Installing a New Garden - Wet Soil

CompostSoilThermometer_1For anyone starting a garden at home for the first time, there are many variables to consider. Sun exposure, access to water and soil are three absolute requirments for a successful growing season. It's true that here in the Pacific NW we can dig in a bit earlier than other areas of the country. Our soil stays fairly temperate due to our mild winters.  BUT.......our soil also tends to be pretty soggy. Winter rains saturate the soil, and as a rule of thumb you should not work the soil when it's wet. Why? Because wet soil aids in packing particles close together. This condenses the space needed for air and water drainage within the soil - crucial for plants in any garden. You do not want to deal with compacted soil, either. Total drag that takes much much longer to remedy then waiting a week for your soil to dry out.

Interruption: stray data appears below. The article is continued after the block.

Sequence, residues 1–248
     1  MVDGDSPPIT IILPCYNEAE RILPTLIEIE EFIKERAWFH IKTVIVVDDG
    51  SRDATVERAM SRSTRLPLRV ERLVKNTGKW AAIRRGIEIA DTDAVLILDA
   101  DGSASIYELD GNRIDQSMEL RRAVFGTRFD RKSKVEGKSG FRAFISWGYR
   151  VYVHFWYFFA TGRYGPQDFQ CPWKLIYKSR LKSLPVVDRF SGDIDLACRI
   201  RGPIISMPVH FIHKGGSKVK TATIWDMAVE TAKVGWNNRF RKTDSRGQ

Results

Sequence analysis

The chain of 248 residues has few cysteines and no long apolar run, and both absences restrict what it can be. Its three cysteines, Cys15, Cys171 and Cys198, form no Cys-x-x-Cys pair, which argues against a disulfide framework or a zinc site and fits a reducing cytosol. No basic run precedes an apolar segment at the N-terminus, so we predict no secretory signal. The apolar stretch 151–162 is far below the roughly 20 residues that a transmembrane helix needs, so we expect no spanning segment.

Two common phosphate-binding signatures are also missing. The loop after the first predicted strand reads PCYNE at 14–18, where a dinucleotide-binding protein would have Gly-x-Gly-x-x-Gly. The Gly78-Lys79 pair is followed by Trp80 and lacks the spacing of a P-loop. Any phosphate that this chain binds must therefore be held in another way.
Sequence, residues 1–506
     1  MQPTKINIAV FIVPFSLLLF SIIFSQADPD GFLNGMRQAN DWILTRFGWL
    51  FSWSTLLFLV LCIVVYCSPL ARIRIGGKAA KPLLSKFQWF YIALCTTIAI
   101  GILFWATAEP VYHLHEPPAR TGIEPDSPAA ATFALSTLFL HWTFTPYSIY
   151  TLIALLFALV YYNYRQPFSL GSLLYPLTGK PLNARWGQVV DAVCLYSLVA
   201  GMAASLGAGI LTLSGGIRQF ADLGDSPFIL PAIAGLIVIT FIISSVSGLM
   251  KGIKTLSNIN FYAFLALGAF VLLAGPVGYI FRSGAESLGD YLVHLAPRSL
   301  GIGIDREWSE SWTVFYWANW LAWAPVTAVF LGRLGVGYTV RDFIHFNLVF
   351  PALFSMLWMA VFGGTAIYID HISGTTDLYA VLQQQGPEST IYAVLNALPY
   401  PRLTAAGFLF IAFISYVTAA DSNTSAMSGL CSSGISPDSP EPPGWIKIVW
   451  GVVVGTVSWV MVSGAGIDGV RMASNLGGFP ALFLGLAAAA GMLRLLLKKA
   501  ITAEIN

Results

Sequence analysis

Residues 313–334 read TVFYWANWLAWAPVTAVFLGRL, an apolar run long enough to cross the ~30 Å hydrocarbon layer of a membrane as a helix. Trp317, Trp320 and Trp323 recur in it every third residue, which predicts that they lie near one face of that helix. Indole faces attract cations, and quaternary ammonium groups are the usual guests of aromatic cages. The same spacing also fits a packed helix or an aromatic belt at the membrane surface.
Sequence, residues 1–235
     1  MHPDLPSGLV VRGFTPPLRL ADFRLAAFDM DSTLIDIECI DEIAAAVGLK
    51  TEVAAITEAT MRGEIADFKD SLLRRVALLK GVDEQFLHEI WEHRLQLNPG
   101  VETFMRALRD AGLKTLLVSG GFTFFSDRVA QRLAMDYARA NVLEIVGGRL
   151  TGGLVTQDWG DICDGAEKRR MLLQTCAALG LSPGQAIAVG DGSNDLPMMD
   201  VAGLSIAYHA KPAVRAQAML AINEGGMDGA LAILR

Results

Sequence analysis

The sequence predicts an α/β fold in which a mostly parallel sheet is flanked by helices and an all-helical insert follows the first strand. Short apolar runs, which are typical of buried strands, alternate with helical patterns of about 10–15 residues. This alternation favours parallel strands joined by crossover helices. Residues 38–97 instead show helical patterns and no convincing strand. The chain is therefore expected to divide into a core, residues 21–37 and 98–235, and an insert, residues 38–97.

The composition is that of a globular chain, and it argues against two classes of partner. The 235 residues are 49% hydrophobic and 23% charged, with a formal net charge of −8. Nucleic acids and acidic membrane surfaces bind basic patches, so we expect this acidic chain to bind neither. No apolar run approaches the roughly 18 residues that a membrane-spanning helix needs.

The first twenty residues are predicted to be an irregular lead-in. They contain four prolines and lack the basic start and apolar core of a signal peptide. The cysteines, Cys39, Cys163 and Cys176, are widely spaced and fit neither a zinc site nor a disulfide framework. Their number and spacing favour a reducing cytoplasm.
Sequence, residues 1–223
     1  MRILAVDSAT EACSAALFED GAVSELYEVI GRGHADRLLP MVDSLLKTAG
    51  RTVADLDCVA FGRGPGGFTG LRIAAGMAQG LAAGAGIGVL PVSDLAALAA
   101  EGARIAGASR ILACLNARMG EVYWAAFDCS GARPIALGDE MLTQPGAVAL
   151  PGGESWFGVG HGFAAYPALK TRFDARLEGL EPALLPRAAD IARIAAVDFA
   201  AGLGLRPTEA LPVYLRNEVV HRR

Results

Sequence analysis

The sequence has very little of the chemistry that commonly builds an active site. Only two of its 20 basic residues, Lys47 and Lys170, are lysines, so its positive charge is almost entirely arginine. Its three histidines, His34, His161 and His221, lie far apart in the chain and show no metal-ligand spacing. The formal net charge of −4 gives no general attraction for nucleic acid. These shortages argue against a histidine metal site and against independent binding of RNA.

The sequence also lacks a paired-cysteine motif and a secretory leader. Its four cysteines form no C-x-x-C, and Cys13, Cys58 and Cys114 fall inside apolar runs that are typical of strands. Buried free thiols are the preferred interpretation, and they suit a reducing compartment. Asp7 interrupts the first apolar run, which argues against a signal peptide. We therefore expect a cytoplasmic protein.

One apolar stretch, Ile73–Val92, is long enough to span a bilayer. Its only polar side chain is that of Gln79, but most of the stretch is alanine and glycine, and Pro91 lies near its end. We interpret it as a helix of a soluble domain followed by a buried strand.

So, how do you tell if your soil it 'too' wet? A learned this handy DIY-trick from my dear farmer-friends at organic Oxbow Farm who grow food on a few acres in the Carnation Valley. Dig down a shovel-lengths deep and grab a handful of soil. Using, your fist, squeeze a portion into a ball and toss that ball in the air letting it fall onto your opened palm. If the soil-ball breaks apart easily your ground is a-ok to work. If it stays clumped together (even a small nucleous) it's a bit too wet and you're better off waiting another week or so and checking again. Need a tip for how to speed up drying out your soil? Drop me a line.